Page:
Everyone who makes goals has an innate understanding that you can’t get different results doing the same thing you’ve always done. This leads to goal setting and the beginnings of new changes, but sometimes the goals never get done and the changes don’t stick.
Over the next month, I’ll be posting a series about the goal achievement process that I use to accomplish many things throughout the year. I’ll also highlight stories from people who’ve accomplished big goals in their life or business. This is one series you won’t want to miss!
Today is Step 1: Assess and Clarify. We’ll go through some questions to figure out if you’re ready and willing to start a new goal, project, or change. I’ll also show you a technique for creating your goal in a way that best sets you up for success. Keep reading to learn more and then come back next Tuesday (Jan 17) to read Step 2: Plan and Take Action.
The four steps each also have worksheets that help you walk through this process.If you want them, be sure to answer Yes!! on that section on the Insiders signup form (if you’re already signed up, you can update your profile by using the same email you used before).
Sending and receiving letters and cards is fun. There’s something special about holding the card instead of viewing an email or text. They make me smile. If I got a random letter from a stranger, I think I’d be happy. It reminds me of pen pals from when I was little.
I love making people happy. So, when Christine Barba from Project Light to Life (who did an interview on this site, check it out) wrote about anonymously mailing letters of encouragement to strangers, I got really excited and added “Send a letter to a stranger” to my own list.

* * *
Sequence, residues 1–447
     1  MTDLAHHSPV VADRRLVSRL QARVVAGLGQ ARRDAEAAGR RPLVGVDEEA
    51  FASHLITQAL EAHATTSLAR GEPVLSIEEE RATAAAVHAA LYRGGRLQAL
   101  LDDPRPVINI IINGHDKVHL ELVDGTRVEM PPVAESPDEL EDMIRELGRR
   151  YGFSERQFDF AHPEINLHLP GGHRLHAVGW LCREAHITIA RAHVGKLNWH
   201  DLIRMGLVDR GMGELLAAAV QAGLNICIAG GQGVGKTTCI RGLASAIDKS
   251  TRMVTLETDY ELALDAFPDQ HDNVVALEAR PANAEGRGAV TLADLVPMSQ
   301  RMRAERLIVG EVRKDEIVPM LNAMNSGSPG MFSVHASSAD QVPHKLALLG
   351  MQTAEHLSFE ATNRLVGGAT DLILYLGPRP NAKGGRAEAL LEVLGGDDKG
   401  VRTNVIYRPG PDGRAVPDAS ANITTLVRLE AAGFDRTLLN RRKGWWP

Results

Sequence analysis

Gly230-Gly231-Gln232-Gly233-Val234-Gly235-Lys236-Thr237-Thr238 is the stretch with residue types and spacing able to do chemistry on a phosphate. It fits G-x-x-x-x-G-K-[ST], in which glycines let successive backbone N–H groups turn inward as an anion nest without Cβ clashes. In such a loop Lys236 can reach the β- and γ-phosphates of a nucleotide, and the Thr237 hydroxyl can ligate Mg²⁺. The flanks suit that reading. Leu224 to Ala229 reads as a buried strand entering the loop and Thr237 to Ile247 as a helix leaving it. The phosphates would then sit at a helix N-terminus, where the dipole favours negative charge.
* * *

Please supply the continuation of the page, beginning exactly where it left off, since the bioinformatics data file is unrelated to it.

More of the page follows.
There’s a fine balance between needing accountability to accomplish our goals and wanting to keep things to ourselves, for whatever reason. As I’ve mentioned before, I don’t share all of the things on my bucket list, because I hold some too closely. However, I’ve experienced too many benefits from talking about my goals (online and in real life) to keep them to myself.
Sharing our goals helps us to connect with and get encouragement from other people who want to do (or hear about others doing) similar goals. Together we get to enjoy the excitement of planning, and can exchange tips and ideas to make each experience better.
Sharing goals also keeps me accountable. If you hear me talk about something I plan to do in February, and don’t hear anything else about it and now it’s November, you might ask how it went. And if I haven’t done it yet, I’d be reminded and would follow through, because it’s embarrassing to only talk about doing things yet never actually do them.
But maybe that’s just me.
In the TED talk below, Derek Sivers makes an argument that sharing our goals may make us less likely to accomplish them. Take the 3 minutes to watch the video and let me know: what works best for you? Do you tell people your goals, or keep them to yourself?